Okay, I feel like I'm going somewhere again. First of all, "V" is not lost. It was like a star that got too big, too massive, and finally collapsed in upon itself. But the core remains, and it now seems purified. What I realized is that many parts of that grand construction were not essential to that particular story, and began to feel like so much dead weight, making the task of writing it feel unnecessarily burdensome. And that's the opposite of inspiration. I realized that many of those individual parts might work better elsewhere, and some were perhaps not necessary at all, mere filler. I made a list of what I felt to be the essential elements of "V", and after looking at it, I felt much better. It now seems much more clear, a simpler, smaller-scale, but more aesthetically unified idea.
I had always thought of that story as being one of my mid-length fictional works, perhaps a novella or a short novel at most (it was originally, in fact, only a short story), not the overblown epic it was somehow evolving into. I already have two ideas for truly epic novels, stories which can only exist in epic form because of their very nature, and I don't need to give myself more work than is necessary in this short and distracted life. After all, Homer wrote two epics, and that is more than most authors have done. I'll feel incredibly grateful and fulfilled if I am able to complete my two epic novels before I leave this earth.
(I should note that I have described Bluebird as an epic, and I suppose it is in some sense, but it is of fairly standard novel length and would be dwarfed by these other two works.)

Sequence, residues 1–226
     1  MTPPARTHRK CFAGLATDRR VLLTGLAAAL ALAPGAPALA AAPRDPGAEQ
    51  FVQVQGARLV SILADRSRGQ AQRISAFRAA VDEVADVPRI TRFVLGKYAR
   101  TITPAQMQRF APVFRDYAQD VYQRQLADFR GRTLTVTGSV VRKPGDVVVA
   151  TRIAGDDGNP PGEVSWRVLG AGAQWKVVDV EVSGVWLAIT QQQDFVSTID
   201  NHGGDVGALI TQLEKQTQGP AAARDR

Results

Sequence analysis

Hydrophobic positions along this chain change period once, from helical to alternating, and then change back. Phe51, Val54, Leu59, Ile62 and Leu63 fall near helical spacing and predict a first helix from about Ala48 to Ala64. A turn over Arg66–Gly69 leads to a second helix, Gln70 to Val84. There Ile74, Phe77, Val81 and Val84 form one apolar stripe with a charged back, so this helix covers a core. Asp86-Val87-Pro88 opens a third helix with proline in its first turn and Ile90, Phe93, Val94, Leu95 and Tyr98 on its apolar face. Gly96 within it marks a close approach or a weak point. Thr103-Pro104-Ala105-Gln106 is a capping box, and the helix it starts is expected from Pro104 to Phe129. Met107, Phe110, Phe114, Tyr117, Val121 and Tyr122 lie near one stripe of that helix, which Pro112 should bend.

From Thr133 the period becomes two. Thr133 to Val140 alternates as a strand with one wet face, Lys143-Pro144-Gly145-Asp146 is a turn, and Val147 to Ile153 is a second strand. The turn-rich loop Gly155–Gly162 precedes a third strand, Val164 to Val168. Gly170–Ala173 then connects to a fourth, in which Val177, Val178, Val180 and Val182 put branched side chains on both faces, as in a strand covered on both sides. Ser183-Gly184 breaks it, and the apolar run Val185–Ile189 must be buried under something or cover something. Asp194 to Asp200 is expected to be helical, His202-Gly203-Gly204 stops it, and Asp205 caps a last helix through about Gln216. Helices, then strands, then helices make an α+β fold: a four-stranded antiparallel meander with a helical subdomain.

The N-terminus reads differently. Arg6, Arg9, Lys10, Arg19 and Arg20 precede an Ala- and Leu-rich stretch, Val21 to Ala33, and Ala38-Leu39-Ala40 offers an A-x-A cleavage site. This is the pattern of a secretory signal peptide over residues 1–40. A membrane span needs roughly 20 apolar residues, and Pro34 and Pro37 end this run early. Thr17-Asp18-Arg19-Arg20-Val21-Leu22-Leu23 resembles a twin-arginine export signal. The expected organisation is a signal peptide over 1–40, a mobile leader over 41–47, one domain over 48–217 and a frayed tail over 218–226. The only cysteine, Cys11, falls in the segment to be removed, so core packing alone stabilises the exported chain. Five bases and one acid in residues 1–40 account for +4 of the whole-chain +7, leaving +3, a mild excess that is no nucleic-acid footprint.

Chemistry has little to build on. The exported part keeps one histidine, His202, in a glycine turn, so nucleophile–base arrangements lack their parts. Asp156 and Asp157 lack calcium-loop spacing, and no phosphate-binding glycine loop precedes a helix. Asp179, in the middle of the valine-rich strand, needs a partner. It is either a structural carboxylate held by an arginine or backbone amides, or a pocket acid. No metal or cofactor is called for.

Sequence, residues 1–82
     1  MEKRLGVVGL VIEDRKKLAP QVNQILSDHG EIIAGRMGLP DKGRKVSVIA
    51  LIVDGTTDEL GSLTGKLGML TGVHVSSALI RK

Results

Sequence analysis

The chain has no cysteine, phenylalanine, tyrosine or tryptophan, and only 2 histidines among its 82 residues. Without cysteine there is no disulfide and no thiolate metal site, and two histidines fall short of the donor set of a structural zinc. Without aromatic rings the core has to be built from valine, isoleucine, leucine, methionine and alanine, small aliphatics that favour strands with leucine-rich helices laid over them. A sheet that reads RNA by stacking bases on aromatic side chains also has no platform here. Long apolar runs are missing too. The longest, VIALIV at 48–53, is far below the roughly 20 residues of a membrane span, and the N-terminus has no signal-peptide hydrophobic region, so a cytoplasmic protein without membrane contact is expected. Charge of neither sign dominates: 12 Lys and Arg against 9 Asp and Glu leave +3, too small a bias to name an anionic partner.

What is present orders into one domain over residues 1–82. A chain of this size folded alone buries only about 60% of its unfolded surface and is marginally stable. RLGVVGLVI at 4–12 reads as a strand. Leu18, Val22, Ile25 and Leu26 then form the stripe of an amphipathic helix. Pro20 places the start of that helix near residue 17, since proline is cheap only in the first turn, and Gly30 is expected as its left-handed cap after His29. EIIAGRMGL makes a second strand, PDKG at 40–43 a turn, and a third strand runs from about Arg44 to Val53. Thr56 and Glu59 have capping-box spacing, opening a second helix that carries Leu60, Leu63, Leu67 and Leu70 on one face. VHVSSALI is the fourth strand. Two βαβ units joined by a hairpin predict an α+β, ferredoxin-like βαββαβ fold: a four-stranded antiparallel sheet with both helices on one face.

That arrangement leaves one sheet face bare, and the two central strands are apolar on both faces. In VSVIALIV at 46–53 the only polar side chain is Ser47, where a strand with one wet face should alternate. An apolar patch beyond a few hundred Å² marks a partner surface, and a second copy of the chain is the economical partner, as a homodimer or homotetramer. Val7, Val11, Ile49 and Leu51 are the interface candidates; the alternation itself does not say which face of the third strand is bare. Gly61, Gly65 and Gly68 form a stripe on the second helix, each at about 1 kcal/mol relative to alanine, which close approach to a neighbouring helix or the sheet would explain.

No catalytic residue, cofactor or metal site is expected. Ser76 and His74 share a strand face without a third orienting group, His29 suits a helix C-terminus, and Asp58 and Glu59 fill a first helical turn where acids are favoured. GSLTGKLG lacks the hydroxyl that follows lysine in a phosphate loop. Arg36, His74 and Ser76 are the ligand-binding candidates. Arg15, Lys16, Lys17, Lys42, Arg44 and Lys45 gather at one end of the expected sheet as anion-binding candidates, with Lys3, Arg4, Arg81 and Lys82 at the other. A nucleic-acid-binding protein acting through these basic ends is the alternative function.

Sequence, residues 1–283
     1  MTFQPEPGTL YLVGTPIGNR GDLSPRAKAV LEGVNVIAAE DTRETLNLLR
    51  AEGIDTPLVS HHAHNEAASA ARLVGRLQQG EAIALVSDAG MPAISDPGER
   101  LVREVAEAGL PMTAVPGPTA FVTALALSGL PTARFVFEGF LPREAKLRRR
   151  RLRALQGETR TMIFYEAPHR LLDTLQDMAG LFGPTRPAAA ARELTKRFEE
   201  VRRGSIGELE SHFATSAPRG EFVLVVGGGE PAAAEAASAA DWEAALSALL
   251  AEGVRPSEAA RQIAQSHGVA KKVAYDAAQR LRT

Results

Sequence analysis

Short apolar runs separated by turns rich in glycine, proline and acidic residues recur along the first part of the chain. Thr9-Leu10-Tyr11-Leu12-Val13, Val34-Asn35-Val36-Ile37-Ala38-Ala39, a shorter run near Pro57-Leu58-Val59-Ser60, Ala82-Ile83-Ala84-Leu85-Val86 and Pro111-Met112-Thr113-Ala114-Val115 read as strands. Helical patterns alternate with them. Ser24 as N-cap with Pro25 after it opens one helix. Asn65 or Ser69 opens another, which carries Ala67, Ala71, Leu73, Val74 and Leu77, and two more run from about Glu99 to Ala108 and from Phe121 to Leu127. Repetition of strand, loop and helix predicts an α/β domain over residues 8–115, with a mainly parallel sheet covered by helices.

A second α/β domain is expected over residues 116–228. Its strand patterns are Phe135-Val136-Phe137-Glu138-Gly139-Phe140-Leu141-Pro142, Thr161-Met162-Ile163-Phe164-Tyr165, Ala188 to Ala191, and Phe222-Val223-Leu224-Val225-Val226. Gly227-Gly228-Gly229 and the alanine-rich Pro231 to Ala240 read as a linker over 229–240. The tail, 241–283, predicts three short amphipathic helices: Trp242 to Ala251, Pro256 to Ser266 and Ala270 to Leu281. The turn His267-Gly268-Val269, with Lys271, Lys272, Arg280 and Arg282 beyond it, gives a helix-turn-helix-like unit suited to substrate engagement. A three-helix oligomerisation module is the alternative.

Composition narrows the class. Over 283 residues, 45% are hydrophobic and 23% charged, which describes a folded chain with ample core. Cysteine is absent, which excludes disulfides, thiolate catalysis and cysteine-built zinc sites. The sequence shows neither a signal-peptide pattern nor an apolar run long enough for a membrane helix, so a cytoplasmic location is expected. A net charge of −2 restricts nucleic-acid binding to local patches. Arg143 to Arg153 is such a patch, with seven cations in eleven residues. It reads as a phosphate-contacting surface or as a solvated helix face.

Now for the new novel idea... its working title, as I have said, is "Rainbow". This is a reference to The Wizard of Oz. I'm not sure yet if the actual title will contain the word "rainbow" or not; we'll see.
The idea of this novel being a companion piece to Bluebird is becoming stronger. I am thinking that the protagonist may very well be Martin Lane, the best male friend of Thomas Fairchild, Bluebird's main character. I can't help but think of Tom Sawyer and Huckleberry Finn, and how the best friend of the first novel's protagonist became the main character of the latter novel.
It would not be a sequel, nor a prequel. It may overlap in time. But I am actually not overly concerned with continuity. In fact, I'm not particularly concerned to go out of my way to avoid apparent contradictions or irresolvable, differing accounts. I am thinking of these stories as myths, and my characters as mythic figures. As in ancient myths, many varying tales were told about gods and heroes, and it would have been difficult if not impossible to put them all together into a coherent whole. That's okay because myth is poetry, not history. It tells truth in a symbolical way, and by circumventing the literal accounts of science and history, it can access aspects of reality and truth otherwise invisible or incommunicable.
Like Bluebird (indeed, perhaps like every novel I shall write), "Rainbow" is philosophical. If The Bluebird of Happiness was primarily about, as its title would suggest, happiness and the possibility thereof, then "Rainbow" is primarily about beauty, and its significance in human life. If Bluebird was a tragedy, then "Rainbow" is more of a fairy tale. But, as in all fairy tales, there will be much darkness to overcome.